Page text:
If the two of you have a lot of friends in common, chances are your larger group will notice something is up. Keeping them in the loop will squash any confusion (not to mention, speculative gossip).
"Doing so not only demonstrates to your other friends that your relationship with them remains important, but also that you recognize changes in friendships can be tricky," says Dr. Davin. And taking a healthy and proactive approach to maintaining your relationship with others shows how much you still value them in your life.
You don’t have to go into too much detail about the split, of course. You can paint the picture with an open manner, like:
- "I’ll be seeing less of [friend’s name], but I don’t want this to affect your relationship with each other! Please don’t feel like you have to take sides."
- "I might be taking some space from our bigger friend group, but I’d still love to see you for one-on-one or smaller gatherings."
If there’s a lot of overlap in your shared friend group, don’t be afraid to take this time to meet new people, too. Take up a new hobby, like joining a book club or dodgeball team, or reconnect with old friends who are outside your main crew.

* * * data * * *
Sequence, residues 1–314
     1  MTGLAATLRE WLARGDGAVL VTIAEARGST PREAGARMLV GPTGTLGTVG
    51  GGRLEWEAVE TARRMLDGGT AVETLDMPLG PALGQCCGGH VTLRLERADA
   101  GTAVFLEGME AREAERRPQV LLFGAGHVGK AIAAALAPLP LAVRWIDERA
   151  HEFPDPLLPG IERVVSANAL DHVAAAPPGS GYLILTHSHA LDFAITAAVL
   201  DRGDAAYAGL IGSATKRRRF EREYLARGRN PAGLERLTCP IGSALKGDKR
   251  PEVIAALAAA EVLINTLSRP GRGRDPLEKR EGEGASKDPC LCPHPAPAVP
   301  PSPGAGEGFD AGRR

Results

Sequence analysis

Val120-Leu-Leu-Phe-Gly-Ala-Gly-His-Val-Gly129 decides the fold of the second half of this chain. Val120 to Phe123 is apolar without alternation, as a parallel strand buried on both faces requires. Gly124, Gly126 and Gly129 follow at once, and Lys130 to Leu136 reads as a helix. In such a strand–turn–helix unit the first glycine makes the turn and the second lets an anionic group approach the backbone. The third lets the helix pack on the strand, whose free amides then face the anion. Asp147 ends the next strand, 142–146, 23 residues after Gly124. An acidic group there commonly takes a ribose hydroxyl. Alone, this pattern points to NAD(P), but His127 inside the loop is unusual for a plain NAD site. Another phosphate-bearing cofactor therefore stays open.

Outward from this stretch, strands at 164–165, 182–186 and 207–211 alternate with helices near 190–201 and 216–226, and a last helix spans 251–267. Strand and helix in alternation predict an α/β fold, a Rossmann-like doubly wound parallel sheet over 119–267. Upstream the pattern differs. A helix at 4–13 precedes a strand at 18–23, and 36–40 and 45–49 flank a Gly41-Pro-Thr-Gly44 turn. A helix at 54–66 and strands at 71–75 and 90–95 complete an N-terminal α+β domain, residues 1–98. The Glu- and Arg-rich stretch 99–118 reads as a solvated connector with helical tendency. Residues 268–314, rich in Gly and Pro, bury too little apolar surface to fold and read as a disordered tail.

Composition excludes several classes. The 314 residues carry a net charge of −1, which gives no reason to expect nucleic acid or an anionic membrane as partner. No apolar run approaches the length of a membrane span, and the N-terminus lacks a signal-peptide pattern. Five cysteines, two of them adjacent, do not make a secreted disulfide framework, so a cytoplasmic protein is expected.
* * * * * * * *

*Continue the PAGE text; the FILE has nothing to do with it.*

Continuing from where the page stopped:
6. If helpful, agree to check in with each other down the line
Just like with break-ups from romantic partners, you may still have feelings about your friend. Positive feelings, feelings of closeness, and remaining intimacy are common after a breakup with a friend.
If you think it would be helpful to check in with your previous pal every once in a while, plan ahead during the split for any potential future communication.
Lay out mutual limits, like that you’ll check in with each other via text in three months, or agree to have a phone call if something major happens.
As the song goes, breaking up is hard to do – and friendship breakups can be just as devastating as romantic ones (if not more so!).
Taking time to honor any emotions that may arise, being proactive about mutual social encounters, and treating yourself extra kindly in the coming weeks or months can help make the process a gentler one.